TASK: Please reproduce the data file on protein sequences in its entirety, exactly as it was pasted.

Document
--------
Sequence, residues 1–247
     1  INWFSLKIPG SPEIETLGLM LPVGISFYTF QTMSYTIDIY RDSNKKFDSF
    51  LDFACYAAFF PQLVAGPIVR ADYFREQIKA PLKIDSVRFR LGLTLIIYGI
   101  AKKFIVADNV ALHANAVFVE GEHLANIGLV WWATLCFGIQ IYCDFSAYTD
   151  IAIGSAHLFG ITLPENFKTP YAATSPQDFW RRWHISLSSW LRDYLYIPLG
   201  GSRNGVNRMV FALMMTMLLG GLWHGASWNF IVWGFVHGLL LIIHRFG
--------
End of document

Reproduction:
Sequence, residues 1–247
     1  INWFSLKIPG SPEIETLGLM LPVGISFYTF QTMSYTIDIY RDSNKKFDSF
    51  LDFACYAAFF PQLVAGPIVR ADYFREQIKA PLKIDSVRFR LGLTLIIYGI
   101  AKKFIVADNV ALHANAVFVE GEHLANIGLV WWATLCFGIQ IYCDFSAYTD
   151  IAIGSAHLFG ITLPENFKTP YAATSPQDFW RRWHISLSSW LRDYLYIPLG
   201  GSRNGVNRMV FALMMTMLLG GLWHGASWNF IVWGFVHGLL LIIHRFG